Toshiba is deservedly well regarded for its dependable, mid-priced workhorses, but it's been a while since it had a proper tilt at the higher end of the spectrum. The 42ZV635D looks to put this right with ambitious specifications, a new operating system and super-chic 'Deep Lagoon' styling.
This set packs more gadgetry than anyone can ever conceivably need. The panel, of course, is full HD, but the more exciting stuff is under the hood, with Toshiba's most advanced picture processing (Active Vision M200 HD Pro) working alongside the company's groundbreaking Resolution+ scaling technology, under the all-encompassing MetaBrain umbrella to deliver what should be some pretty sharp and well-ordered pictures.
There is also an outrageously high claimed contrast ratio figure (100,000:1) and Faroudja de-interlacing to crank up those expectations another couple of notches.
Auto View, meanwhile, adjusts the screen's output to suit ambient lighting conditions and, combined with the more efficient 'Eco' panel design and a proper 'off ' button, may help to reduce the impact of your HD movie habit on the Earth.
Ease of use
Toshiba has a sound record in turning out consistently friendly sets, although its pastel-shaded interface had been looking tired. The snazzy new system here certainly looks impressive, with monochrome panels and text and a classy new font. It's also packs every conceivable tweak and a few more besides.
The trouble is, we're not at all sure that it's an unqualified improvement, ergonomically speaking. The smallish text is occasionally a little tricky to read, and navigating the various menus and sub-sections periodically requires a little bit of conscious effort, suggesting a certain conceptual clumsiness.
The remote is a possible culprit; Toshiba, like LG, now offers a 'Quick' menu option on the zapper. Which is fine, except that it is where you might reasonably expect to find the main Menu key, with the latter relegated to the block of fiddly minor buttons towards the bottom.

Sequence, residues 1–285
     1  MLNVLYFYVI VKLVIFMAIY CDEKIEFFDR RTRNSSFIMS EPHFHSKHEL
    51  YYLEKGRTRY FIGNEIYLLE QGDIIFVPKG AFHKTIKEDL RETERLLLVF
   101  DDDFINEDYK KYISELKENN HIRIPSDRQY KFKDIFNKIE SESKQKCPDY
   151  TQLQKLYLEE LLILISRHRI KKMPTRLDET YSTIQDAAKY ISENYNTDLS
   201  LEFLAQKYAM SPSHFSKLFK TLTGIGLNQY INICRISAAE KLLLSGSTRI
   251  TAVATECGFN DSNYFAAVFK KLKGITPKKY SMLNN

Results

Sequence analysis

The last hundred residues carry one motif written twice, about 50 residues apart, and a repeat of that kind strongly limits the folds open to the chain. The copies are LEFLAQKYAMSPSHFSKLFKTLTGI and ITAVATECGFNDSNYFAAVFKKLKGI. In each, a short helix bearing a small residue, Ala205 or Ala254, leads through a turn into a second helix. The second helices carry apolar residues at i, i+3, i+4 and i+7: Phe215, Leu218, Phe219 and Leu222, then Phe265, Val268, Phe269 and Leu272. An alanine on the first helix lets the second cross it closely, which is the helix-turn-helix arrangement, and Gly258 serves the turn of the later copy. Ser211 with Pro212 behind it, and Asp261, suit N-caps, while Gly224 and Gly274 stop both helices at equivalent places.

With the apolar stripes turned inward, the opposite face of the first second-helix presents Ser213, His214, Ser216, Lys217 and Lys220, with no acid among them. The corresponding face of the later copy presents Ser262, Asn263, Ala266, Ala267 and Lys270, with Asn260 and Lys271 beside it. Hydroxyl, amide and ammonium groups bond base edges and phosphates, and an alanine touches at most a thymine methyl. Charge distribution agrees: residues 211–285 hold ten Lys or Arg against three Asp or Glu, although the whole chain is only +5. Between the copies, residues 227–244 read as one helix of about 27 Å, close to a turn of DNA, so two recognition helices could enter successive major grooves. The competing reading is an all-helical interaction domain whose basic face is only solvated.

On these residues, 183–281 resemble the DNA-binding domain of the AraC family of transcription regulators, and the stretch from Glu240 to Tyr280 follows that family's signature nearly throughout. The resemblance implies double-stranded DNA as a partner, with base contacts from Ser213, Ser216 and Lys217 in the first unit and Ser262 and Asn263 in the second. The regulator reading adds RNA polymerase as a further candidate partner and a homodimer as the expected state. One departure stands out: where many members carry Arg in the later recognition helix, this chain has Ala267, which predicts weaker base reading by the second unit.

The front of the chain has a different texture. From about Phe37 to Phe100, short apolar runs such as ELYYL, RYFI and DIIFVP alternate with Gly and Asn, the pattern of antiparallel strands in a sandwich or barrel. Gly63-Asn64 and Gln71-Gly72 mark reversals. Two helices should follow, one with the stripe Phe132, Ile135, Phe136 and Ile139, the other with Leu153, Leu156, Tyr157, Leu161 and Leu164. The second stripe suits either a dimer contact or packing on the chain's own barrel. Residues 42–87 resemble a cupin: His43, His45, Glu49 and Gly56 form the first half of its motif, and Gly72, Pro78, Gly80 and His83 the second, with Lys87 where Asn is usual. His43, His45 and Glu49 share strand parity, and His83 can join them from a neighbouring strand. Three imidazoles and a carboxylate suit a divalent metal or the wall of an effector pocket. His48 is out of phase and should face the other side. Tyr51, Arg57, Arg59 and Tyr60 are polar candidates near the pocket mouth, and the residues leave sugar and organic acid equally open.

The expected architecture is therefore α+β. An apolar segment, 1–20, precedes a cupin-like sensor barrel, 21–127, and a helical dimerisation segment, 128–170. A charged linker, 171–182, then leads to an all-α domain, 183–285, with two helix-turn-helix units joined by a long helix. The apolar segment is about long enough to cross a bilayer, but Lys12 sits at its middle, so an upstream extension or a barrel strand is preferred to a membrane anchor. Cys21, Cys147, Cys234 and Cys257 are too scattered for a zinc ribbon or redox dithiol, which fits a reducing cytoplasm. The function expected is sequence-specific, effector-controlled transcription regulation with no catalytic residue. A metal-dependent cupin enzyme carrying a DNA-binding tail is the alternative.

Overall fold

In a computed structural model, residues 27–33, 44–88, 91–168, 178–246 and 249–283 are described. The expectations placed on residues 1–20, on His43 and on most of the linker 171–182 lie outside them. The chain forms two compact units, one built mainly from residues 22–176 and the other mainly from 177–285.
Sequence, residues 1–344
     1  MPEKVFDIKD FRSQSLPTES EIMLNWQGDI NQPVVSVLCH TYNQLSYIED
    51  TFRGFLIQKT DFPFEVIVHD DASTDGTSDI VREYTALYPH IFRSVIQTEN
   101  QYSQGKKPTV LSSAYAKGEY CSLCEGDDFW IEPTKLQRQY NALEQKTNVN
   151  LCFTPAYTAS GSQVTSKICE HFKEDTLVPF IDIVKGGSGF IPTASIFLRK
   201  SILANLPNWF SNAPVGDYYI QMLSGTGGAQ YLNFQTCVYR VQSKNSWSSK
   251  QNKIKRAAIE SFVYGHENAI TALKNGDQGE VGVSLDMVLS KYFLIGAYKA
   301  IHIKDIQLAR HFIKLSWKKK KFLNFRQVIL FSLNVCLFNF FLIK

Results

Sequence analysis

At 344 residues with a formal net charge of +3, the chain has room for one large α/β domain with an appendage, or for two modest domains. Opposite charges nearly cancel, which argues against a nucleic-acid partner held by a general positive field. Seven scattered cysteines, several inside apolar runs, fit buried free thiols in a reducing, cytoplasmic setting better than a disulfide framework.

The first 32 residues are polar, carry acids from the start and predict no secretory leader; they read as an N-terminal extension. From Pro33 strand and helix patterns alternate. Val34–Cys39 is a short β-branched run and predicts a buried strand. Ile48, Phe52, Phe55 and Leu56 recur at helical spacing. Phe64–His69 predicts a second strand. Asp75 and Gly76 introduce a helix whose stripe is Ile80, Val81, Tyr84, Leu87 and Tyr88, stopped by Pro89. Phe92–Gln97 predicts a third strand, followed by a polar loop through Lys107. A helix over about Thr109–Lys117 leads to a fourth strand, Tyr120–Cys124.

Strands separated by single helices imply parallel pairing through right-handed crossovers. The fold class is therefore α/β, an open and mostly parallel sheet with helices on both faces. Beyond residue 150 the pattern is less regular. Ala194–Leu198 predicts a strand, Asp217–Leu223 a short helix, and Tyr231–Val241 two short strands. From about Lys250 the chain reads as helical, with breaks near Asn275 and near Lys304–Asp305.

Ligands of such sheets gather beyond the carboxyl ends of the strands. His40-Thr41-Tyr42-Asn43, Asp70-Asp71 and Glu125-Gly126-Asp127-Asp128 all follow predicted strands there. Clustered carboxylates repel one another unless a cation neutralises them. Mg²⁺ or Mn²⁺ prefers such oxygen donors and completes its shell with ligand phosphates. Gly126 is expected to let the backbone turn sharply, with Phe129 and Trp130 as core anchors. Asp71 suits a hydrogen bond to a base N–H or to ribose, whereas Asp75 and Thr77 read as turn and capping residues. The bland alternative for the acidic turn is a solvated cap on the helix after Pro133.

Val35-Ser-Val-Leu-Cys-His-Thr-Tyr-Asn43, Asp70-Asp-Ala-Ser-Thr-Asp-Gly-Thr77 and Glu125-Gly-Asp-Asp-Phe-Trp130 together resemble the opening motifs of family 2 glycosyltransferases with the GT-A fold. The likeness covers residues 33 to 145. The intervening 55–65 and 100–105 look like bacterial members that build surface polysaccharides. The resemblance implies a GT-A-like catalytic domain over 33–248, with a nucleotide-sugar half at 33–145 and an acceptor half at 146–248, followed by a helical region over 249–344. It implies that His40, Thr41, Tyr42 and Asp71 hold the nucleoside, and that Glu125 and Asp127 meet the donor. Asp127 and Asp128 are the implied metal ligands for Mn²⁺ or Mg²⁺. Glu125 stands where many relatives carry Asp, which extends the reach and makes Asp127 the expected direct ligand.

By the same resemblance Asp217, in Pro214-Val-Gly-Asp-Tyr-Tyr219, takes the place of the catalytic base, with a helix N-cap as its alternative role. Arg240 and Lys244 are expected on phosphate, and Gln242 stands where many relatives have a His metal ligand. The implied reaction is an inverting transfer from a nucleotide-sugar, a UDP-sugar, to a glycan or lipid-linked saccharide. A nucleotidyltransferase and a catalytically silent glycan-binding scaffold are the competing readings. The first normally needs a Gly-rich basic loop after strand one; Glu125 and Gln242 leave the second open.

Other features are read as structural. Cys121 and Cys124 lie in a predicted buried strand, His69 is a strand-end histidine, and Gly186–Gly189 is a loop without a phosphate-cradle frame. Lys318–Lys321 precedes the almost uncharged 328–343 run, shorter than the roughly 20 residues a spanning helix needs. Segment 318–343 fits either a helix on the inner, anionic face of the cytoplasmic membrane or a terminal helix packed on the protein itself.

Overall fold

And bafflingly, the 'Quick' options don't include a means of toggling the audio presets, which is crazy when you consider how casually one tends to tinker with the sonics to suit source material, and infuriating when you need to alter the sound in a darkened room.
The picture is easily divisible into good and bad bits, with colours, detail and dynamism falling into the former category and motion and black levels constituting the latter. There is also a marked preference for hi-def over standard-def, a foible that would pass without mention on most other sets, but comes as a let down in one featuring Resolution+ that is meant to apply a pseudo-HD gloss to SD material.
Generally speaking, however, the picture is largely admirable. The detail with top-spec material is so impressive that you'll find yourself marvelling at the sheer amount of visual information in backgrounds or long shots.
Colours are also bold and punchy, but also rich and textured where needed, while peak whites are positively brilliant.
Motion, on the other hand, is noticeably shaky. The Toshiba copes adequately with fast, kinetic scenes, but jerkiness mars any slow, deliberate movement.
Blacks are also disappointingly feeble, with dark scenes lacking any real profundity and varying shades merging into one another. And, as mentioned earlier, the Resolution+ circuitry is something of a let-down. DVDs look good without obviously transcending the format's innate capabilities, while digital TV broadcasts are as garish as ever.
Flatscreens invariably get a bashing in the sonics department and the audio, for a set of this size, is rather disappointing. There's a fair amount of muscle at your disposal, but bass is in short supply.
On the plus side, though, there is built-in Dolby Digital processing available via an optical digital output for sending sonics to an external amplifier and we recommend you avail yourselves of it in order to do the (hi-def) pictures justice.
The 42ZV635D is at the top of Toshiba's oeuvre and is priced as such. And there is much to admire, here, too, with impressive hi-def performance, a wealth of features and the sort of styling you'd expect from a top-drawer telly. It isn't, however, quite special enough to warrant a full five stars.
Whether it is the occasionally wobbly picture, not-quite-there operating system or faint sense of a manufacturer trying just a little too hard to surpass itself, the set just doesn't reach the more exalted level to which it seems to aspire. It is an intriguing statement of intent, though, and as a result we await the company's next high-end TV with interest.
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